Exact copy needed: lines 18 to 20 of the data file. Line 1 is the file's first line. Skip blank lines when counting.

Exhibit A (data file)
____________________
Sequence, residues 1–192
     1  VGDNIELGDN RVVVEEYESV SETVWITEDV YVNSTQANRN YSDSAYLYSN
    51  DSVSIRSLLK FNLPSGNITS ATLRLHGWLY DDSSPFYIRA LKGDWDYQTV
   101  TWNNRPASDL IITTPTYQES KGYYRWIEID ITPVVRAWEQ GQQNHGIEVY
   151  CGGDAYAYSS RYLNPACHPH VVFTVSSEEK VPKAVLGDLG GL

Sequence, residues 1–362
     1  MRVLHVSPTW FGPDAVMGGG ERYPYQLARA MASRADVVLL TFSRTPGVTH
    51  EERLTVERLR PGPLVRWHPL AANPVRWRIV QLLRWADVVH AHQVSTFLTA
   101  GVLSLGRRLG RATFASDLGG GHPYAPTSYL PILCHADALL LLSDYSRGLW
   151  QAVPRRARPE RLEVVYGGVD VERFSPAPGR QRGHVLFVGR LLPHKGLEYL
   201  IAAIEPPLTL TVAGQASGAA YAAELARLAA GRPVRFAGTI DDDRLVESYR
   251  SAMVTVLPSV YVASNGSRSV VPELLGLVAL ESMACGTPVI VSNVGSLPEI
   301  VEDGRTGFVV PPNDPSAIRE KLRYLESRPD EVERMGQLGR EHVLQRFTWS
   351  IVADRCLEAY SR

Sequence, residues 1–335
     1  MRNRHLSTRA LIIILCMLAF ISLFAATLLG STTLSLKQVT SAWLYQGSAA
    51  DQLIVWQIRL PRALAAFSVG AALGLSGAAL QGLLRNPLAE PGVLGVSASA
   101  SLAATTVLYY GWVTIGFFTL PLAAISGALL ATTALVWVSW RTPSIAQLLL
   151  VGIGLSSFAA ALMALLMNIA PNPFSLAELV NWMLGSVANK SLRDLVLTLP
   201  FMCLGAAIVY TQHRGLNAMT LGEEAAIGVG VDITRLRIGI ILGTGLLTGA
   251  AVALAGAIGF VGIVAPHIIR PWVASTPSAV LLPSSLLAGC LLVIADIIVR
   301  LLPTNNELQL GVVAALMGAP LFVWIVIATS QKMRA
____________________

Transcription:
   101  SLAATTVLYY GWVTIGFFTL PLAAISGALL ATTALVWVSW RTPSIAQLLL
   151  VGIGLSSFAA ALMALLMNIA PNPFSLAELV NWMLGSVANK SLRDLVLTLP
   201  FMCLGAAIVY TQHRGLNAMT LGEEAAIGVG VDITRLRIGI ILGTGLLTGA